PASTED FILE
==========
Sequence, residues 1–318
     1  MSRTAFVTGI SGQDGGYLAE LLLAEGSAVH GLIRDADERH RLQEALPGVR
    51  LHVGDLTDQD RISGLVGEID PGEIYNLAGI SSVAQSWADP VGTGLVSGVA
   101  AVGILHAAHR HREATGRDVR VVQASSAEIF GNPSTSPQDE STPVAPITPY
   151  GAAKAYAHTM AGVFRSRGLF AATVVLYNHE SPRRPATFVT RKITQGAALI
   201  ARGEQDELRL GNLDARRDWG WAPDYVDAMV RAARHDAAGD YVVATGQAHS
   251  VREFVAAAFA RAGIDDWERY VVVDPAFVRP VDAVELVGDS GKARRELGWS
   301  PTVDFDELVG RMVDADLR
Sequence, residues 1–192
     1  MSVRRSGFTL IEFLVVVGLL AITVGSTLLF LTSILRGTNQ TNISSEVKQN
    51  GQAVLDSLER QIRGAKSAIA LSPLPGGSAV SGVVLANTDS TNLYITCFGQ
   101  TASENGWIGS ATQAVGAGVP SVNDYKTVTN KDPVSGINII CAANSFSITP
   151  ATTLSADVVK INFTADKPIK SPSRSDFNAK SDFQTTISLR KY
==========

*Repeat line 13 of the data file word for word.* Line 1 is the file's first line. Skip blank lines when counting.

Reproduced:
   151  ATTLSADVVK INFTADKPIK SPSRSDFNAK SDFQTTISLR KY